Faced with an array of daunting headwinds and coming off a tough year, Wall Street took a dim view of stocks in 2019. As a result, many major analysts missed one of the best years of this history-making bull market that continues to make new highs.
Of the 17 forecasters that CNBC tracks for S&P 500 price, just three have targets that are above where the broad market index traded Monday. The median 3,000 target is 2.7% below midday levels with still nearly two months left in the year.
While the market's path is always unknown and could come back down before the calendar turns to 2020, the year looks like an opportunity lost for those who bought into the pessimism. The S&P 500 continues to climb to new highs, while its sister index, the Dow Jones Industrial Average, also set a new high-water mark Monday.
"I don't think you can blame people for being a bit cautious or skeptical," said Sam Stovall, chief investment strategist at CFRA Research. "If anything, earnings growth for this year has come down, and earnings expectations for next year have come down."
Indeed, the S&P 500 is in the midst of an earnings recession that is on track to show the third consecutive quarter for negative year-over-year growth. Despite a 76% beat rate compared with expectations, earnings are still projected to show a 2.7% decline in the third quarter, according to FactSet.
But it's been more than that this year.
Wall Street has been spooked by concerns over a potential recession, the U.S.-China tariffs and multiple geopolitical concerns such as how Brexit will turn out.
Still, the market keeps going higher and defying the naysayers. The "most hated bull market in history" observation so often repeated on Wall Street may have become the worst cliche in bull market history as the averages continue to push into record territory.
"You do wonder what is causing the market to go higher. One [factor] is that the lack of alternatives continues," Stovall said, citing the "TINA" belief that There Is No Alternative to U.S. stocks.
Stovall is among the many Wall Streeters who underestimated the market's strength. He put a 2,975 target on the market, but was by far not the most pessimistic. UBS is the lowest on the Street with a 2,550 price target while Morgan Stanley has been consistently bearish with its 2,750 estimate.
In fact, Morgan Stanley is not only bearish on 2019 but believes low returns will continue for the next decade due to high valuations. Andrew Sheets, chief cross-asset strategist at the firm, said returns will be "challenging" considering the set-up from the trailing price-to-earnings ratio.
On the other side, though, are strategists including Piper Jaffray's Craig Johnson, who has been one of Wall Street's biggest bulls for years and holds a 3,125 target for the S&P 500. Though directionally right about the market's moves, Johnson said "we weren't perfect all along" in terms of timing, and he understands the skepticism about valuation.
"I think a lot of investors are struggling with valuation. The way this market has moved up, stocks have been pretty darn expensive," Johnson said. "A lot of investors got caught off guard in Q4 last year. Those memories are still fresh in their minds about the big, dramatic selloff which wiped out a lot of bonuses for people last year. There's that psychological impediment."
The fourth-quarter sell-off last year was fueled by weakening economic growth coupled with a Federal Reserve that seemed tone-deaf to what was happening, Two verbal miscues from Fed Chair Jerome Powell that pointed to tighter policy ahead fueled the belief that a year when the market fell 6.2% could bleed over into 2019.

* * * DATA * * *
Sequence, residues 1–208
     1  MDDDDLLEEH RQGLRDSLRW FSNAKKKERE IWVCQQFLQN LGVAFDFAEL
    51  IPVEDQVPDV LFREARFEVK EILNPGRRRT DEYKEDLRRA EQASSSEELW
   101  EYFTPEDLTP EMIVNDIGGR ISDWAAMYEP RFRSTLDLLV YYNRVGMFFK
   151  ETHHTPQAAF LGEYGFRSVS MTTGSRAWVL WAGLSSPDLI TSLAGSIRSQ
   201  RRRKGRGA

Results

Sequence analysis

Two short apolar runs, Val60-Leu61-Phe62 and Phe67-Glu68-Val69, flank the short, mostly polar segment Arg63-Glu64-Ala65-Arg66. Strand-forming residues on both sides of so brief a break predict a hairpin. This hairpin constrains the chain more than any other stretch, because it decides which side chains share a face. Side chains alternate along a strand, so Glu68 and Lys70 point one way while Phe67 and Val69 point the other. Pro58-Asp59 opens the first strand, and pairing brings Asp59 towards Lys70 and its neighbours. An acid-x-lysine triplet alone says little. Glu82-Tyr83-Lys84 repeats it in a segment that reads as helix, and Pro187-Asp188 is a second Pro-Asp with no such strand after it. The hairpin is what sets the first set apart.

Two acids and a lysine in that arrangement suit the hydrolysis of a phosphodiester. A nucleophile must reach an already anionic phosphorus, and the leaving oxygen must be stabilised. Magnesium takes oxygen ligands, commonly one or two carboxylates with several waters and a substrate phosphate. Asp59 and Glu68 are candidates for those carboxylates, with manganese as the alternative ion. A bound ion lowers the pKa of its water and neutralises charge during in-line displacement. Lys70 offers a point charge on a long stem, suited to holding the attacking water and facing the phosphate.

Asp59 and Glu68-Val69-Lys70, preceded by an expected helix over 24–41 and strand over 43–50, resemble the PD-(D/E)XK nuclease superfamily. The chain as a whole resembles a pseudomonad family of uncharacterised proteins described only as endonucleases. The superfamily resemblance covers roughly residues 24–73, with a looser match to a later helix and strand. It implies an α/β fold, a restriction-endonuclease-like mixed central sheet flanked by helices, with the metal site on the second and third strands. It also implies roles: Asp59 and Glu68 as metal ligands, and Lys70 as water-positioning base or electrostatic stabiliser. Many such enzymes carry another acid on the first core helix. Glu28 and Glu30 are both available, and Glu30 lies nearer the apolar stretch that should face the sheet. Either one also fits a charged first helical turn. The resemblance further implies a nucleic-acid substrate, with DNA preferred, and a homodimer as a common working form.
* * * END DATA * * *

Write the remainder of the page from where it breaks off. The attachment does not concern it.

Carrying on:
Investors reacted by heading for cover.
Money market fund balances have surged this year to $3.5 trillion, the highest in a decade and up 23.7% year to date. Retail investors alone have pushed $324 billion into money markets in 2019, a 32% jump.
Sentiment has been turning of late, though, if not among the big Wall Street houses then at least with the mom and pop crowd that has been cheered by three Fed rate cuts and a macro scenario that no longer looks as gloomy as it did a few months ago. Bullishness, or the belief that the market will be higher in six months, was at a 12-week high of 35.6% in the most recent American Association of Individual Investors survey, while the bears fell to 28.3%.
Among professional investors, though, skepticism remains high.
The put-call ratio, a measure of sentiment among options traders, has remained above 1 since mid-September, a contrarian indicator that the market could be headed higher due to strongly negative sentiment.
"There's worry that we are going to be disappointed by the trade issue, economic data and earnings," said Quincy Krosby, chief market strategist at Prudential Financial. "Nothing stays the same forever. We've started to see an easing in all of the above. It doesn't mean that's the perfect scenario for the market, but it is perfect enough to get volume and breadth beginning to pick up."
For the bulls, one of the big factors could simply be that the signs of a recession that had shot up during the summer have been tamed.
The bond curve inversion, where shorter-dated yields were higher than their longer-term counterparts, has since reverted. Inversions have preceded each of the last seven recessions, but there's some sentiment that this time could be different due to unusual factors playing out in the bond market, even though fourth-quarter GDP growth looks like it will struggle to top 1%.
In any event, lack of a recession threat would be one huge load lifted from a market that has struggled to inspire confidence all year.
"The tug-of-war has not died down. There are those who still see that there is a recession looming and the market is oblivious to that," Krosby said. "The fact of the matter is the market is suggesting there is not a recession that's imminent, that the market was poised for recession for too long."